Crown Crafts posts lower quarterly profit

Gonzales-based Crown Crafts Inc. reported earnings of $755,000, or 8 cents per share, for the three months ended Sept. 30, down from $1.1 million, or 11 cents per share, a year earlier.

The infant apparel and accessories maker also reported lower revenue for the second quarter of its 2013 fiscal year. The company’s revenue dropped to $17.3 million, compared to $21.3 million a year earlier.

During a conference call with stock analysts and investors, Crown Chairman, President and Chief Executive Officer Randall Chestnut said the second-quarter results were affected by several factors, some expected and some beyond the company’s control.

Crown discontinued an unprofitable private-label bedding program and shifted orders forward from the second quarter of fiscal 2013 to the first quarter, Chestnut said. Both moves lowered second-quarter revenue.

The situation was compounded by the poor economy and retailers maintaining tight inventories, the company said.

But Chestnut said there are reasons for optimism.

Crown’s branded products saw sales increases of 6.8 percent, and margins improved as the company redesigned products to move away from cotton, he said. Crown also selectively increased prices where appropriate.

Those moves helped increase earnings for the first half of the fiscal year, despite lower sales. Crown earned $1.7 million, or 17 cents per share, on sales of $34.7 million, compared with $1.6 million, or 16 cents per share share, on sales of $38.8 million a year ago.

Crown also declared a special cash dividend of 50 cents per share, in addition to the quarterly cash dividend of 8 cents per share. Both dividends will be paid on Dec. 27 to stockholders on record Dec. 14.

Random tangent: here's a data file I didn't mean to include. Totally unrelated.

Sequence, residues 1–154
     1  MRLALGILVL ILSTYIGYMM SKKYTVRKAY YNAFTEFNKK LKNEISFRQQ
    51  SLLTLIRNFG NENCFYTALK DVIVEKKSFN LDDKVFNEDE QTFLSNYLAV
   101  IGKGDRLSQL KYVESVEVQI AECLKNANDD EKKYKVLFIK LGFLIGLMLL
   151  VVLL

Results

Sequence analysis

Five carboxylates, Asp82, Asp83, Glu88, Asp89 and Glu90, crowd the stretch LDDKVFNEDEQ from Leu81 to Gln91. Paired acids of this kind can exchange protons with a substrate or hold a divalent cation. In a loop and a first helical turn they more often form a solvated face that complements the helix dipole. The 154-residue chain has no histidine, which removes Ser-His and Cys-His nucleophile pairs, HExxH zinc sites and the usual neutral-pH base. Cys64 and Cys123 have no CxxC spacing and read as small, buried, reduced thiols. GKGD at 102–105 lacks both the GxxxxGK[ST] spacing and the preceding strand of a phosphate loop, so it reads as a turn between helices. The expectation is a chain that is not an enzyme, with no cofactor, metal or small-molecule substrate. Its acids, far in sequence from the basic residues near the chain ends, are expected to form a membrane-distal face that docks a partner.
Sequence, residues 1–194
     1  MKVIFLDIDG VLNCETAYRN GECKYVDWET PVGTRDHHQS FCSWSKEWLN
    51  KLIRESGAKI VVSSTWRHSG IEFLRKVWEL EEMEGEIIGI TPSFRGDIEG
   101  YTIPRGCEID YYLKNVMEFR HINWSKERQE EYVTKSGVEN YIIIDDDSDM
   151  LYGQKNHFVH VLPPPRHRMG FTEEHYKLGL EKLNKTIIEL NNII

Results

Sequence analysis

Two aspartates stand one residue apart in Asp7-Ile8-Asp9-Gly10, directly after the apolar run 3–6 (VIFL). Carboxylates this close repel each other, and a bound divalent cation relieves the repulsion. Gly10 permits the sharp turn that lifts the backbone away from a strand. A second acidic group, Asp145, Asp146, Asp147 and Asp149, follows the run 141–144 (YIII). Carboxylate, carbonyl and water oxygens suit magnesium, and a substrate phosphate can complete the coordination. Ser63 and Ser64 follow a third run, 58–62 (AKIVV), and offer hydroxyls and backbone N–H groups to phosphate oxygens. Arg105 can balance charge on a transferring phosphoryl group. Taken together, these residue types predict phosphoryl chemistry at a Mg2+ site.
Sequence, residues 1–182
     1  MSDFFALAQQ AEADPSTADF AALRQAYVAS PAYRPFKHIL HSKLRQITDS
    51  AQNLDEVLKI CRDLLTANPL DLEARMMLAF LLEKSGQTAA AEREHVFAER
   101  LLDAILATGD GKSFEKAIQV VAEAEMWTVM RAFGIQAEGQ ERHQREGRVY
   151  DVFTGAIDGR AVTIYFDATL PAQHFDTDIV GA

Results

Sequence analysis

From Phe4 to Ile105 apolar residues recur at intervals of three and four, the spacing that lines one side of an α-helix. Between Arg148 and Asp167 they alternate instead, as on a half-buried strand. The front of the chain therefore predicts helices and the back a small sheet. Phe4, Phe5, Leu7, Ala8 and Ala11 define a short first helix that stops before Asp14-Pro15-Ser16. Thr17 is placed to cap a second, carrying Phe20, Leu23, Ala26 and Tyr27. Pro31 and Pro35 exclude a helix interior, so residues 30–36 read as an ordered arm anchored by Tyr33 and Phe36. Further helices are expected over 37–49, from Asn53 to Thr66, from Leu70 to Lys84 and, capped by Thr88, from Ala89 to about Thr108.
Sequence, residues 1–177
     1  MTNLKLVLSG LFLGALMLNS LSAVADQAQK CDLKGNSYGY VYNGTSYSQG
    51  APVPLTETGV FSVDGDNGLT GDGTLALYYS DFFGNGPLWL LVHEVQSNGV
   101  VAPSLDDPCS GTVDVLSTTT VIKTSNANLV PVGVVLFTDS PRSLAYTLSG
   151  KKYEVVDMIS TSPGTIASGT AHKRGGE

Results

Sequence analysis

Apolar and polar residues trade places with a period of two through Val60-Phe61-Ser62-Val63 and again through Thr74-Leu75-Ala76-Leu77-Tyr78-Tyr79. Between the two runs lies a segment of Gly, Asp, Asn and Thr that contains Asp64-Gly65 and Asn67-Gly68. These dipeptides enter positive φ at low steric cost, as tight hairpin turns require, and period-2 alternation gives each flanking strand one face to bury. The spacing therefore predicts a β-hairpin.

However, Nelson Obus, managing member of The Wynnefield Group, Crown’s largest investor, said the last thing he wanted to see was Crown paying a big dividend.

The special dividend creates the perception that Crown is a cash cow rather than a growth company, Obus said. Crown’s management has turned $6 million of buying power into $1 million, he said.

Crown should be using its cash to acquire other companies in the infant and juvenile space, where bargains can be had in a difficult and uncertain economy, Obus said. The company should target deals in the $5 million to $10 million range.

Crown isn’t being aggressive enough because Chestnut doesn’t want to take on debt, Obus said. Chestnut said over the years, Crown, under his direction, has used a mix of cash and debt to acquire other firms.

Crown generates $6 million to $8 million in cash each year, and the company will begin building up cash after the dividends, Chestnut said. In addition, Crown has $19 million available through a line of credit, with an interest rate of 3.25 percent, so the company isn’t limited to using cash for acquisitions.

Chestnut said Crown is constantly looking at acquisitions but recently backed away from a couple of possibilities because of safety concerns and Consumer Safety Product Commission issues.

It was good that Crown did so because one of those companies has since closed, Chestnut said.

Crown doesn’t want to overpay or buy a troubled company, Chestnut said.